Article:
The Reserve Bank’s expectations survey results were released this afternoon. The Bank itself will have had the results last week, and will have been able to take them into account in finalising tomorrow’s Monetary Policy Statement.
Mostly, only the inflation expectations numbers get reported. They didn’t change materially, whether at a 1, 2, 5 or 10 year ahead horizon. Perhaps that isn’t too surprising, but it is encouraging given the lift in the sectoral core inflation measure evident in the most recent CPI.
There was also hardly any change in wage inflation expectations – a slight lift in one year ahead expectations and no change at all in two year ahead expectations. On these measures, real wage inflation is expected to no higher than 1 per cent per annum – not high in absolute terms, but rather faster than recent productivity growth (itself next to non-existent). The Bank themselves produced a graph of the results suggesting real wage inflation is actually expected to slow from here.
I was more interested in two other series. In the first, the Bank asks respondents to indicate how tight they think monetary conditions are now, and how tight they expect them to be a year ahead. Ever since 2011, the mean respondent has judged conditions to be easier than neutral – despite which inflation has consistently undershot the target – but what is somewhat interesting is how respondents expect things to change.
In this survey, there has been a bit of an increase in the proportion of respondents who expect monetary conditions to tighten over the coming year.
Those expectations still aren’t as strong as they were at the peak of the (misplaced) tightening fervour in 2014, but they aren’t far away now. Quite why, or what has changed, is a bit of a mystery (noting the unchanged inflation expectations). “Monetary conditions” isn’t further defined in the survey, so includes (implicitly) not just official interest rates, but the exchange rate, credit conditions or whatever the respondent has in mind. Perhaps respondents are expecting credit conditions to tighten (further)?
Whatever the explanation, it does seem a little surprising set against the backdrop of respondents’ expectations for GDP growth. The survey asks about expectations for GDP growth one year ahead and two years ahead. The one year ahead numbers can be thrown around by all sorts of short-term noise, but the two year expectations should be a better reflection of the underlying sense of what is going on (as with the two year ahead inflation expectations). Three months ago respondents expected real GDP growth two years ahead of 2.7 per cent. This time, the two year ahead expectation is 2.2 per cent.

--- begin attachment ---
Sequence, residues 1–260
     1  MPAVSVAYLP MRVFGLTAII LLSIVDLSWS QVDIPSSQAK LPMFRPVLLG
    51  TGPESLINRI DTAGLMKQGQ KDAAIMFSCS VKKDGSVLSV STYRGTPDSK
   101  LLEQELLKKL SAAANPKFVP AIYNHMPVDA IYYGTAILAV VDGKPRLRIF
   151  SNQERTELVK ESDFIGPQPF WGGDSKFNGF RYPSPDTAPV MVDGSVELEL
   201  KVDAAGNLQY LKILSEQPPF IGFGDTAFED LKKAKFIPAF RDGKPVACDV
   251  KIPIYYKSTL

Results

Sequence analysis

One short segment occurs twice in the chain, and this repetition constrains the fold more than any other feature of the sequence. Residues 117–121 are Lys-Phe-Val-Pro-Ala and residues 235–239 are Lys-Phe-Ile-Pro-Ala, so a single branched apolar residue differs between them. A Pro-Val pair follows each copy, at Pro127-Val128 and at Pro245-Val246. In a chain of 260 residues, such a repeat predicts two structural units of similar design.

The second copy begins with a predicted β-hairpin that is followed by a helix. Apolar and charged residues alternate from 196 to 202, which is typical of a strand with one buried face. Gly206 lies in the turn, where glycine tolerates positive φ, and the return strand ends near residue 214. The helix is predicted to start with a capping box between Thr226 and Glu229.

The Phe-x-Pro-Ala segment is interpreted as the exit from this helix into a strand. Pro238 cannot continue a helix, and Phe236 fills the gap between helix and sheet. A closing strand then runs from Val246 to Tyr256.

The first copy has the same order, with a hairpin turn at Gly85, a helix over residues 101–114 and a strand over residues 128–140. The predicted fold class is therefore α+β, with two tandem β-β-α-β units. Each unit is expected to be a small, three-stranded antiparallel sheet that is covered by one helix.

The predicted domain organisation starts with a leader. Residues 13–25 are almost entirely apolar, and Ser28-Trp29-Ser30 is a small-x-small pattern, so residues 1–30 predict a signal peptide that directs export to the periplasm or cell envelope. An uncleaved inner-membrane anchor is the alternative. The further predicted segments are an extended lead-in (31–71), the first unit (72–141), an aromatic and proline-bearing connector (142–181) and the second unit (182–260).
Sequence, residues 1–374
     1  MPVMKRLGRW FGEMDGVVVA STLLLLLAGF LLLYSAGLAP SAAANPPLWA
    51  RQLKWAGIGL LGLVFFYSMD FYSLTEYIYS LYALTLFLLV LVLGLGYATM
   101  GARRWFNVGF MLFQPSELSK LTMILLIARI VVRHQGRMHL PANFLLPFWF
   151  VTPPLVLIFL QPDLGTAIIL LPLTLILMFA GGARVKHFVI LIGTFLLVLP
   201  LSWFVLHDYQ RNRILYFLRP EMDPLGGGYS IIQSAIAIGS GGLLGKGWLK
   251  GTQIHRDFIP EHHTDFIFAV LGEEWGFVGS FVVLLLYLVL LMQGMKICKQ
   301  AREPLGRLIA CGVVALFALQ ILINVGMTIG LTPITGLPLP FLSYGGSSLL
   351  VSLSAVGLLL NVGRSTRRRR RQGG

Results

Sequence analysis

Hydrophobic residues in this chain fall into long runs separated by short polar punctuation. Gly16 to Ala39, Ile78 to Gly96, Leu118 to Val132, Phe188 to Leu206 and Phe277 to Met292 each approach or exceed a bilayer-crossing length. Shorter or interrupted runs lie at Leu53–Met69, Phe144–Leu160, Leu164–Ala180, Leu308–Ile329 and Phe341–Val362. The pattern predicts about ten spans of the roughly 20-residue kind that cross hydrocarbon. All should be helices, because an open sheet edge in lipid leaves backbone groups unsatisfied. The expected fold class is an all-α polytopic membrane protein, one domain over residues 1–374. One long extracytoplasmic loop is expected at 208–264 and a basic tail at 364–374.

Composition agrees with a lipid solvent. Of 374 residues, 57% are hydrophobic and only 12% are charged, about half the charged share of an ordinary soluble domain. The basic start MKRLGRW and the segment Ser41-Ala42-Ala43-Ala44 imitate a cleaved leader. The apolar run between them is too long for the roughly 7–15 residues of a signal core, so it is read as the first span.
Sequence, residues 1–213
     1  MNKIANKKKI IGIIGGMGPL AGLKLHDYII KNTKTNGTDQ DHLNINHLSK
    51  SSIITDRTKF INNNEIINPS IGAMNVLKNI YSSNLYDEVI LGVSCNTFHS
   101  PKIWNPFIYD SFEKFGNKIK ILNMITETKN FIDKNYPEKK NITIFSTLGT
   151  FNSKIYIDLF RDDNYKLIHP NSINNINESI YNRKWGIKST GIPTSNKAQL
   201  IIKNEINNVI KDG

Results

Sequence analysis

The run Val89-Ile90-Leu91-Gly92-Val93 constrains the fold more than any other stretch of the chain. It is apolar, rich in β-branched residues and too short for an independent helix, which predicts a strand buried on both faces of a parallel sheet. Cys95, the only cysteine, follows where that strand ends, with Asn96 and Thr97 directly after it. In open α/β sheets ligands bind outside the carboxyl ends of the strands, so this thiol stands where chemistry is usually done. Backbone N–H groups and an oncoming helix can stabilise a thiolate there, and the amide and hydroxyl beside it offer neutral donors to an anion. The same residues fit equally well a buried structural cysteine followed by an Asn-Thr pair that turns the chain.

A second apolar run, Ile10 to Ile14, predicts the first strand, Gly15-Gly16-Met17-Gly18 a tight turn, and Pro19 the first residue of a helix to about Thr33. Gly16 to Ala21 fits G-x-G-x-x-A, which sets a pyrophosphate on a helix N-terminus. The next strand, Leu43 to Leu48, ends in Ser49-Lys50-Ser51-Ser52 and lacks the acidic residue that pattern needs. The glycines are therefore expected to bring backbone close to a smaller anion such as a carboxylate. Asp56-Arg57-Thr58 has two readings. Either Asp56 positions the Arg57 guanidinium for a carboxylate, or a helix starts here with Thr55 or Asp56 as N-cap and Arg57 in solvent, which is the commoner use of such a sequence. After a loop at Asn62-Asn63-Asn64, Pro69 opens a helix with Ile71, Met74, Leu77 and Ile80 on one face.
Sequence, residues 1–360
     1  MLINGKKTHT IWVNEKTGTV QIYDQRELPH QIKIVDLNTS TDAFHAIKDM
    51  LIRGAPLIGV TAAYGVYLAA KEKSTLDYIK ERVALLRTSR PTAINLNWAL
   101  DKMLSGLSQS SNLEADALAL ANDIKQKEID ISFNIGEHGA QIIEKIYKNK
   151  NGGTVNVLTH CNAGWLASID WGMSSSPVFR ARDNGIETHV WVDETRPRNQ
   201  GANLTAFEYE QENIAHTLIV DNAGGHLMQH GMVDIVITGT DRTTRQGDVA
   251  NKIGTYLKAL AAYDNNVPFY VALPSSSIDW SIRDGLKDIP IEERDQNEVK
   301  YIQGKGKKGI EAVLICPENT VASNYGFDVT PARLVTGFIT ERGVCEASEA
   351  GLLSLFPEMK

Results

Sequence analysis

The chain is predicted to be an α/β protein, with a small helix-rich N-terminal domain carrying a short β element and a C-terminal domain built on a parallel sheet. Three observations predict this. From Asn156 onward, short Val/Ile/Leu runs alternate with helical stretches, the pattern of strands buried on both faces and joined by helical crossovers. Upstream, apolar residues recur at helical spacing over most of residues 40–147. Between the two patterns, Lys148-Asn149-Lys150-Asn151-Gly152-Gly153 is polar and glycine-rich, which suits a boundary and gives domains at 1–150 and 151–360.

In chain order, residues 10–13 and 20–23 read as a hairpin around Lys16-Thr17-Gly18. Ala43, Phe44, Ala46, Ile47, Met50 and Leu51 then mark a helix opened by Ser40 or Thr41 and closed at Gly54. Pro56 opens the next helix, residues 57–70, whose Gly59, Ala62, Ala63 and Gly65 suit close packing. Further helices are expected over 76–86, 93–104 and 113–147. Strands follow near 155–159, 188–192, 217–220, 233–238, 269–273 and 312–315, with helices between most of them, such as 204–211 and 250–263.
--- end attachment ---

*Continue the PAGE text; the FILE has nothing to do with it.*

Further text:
Is that difference material? Well, I had a look back over the history of the series. If we go all the way back to 1996, there have only been three quarters when two year ahead growth expectations have been revised down by more than the fall this quarter.
When were they?
The first was in the September 1997 quarter, just prior to the 1997/98 recession (a fall of 0.8 percentage points).
The second set were the December 2008 (a fall of 0.8 percentage points) and March 2009 quarters (a fall of 1.6 percentage points), in the midst of the last recession, and the financial crises abroad.
(The quarters with large increases in expectations also come, as one might expect, just after these recessions.)
The fall in two-year ahead expectations this time is still a bit smaller than the falls in 1997 and 2008/09, but it doesn’t look like a result that should be lightly dismissed. In one sense, people can say “oh, just consistent with the fall in business confidence measures”, but this survey isn’t just a sentiment indicator, but asks about specific macroeconomic aggregates. And the fall isn’t just concentrated in one year ahead expectations (which actually fell less than the two year ahead expectation), suggesting that whatever is influencing respondents isn’t something they expect to dissipate quickly.
I’d be a bit rattled if I was the Reserve Bank. It just adds to the sense that growth has probably slowed further already (beyond what is reported – last official data was the March quarter and it is now August) and may have further to fall. And respondents – who include most of the economic forecasters – don’t see much reason to think a significant rebound is likely any time soon.
Such expectations aren’t accurate predictions of what will happen two years hence – partly because if things get bad, policy (including monetary policy) responds – but large falls in the past have coincided with the two periods of worst economic outcomes in the last couple of decades.
(And readers of the Minister of Finance’s speech today won’t have found anything in it to instill much confidence in the sort of rebalancing – or stronger productivity growth in the medium term – the Minister claims to be pursuing. Strangely, the Minister continues to repeat the election campaign lines about how well the economy has done in recent years – the economy that saw weakening per capita GDP growth, little or no productivity growth, weak business investment and a declining relative size of the tradables sector.)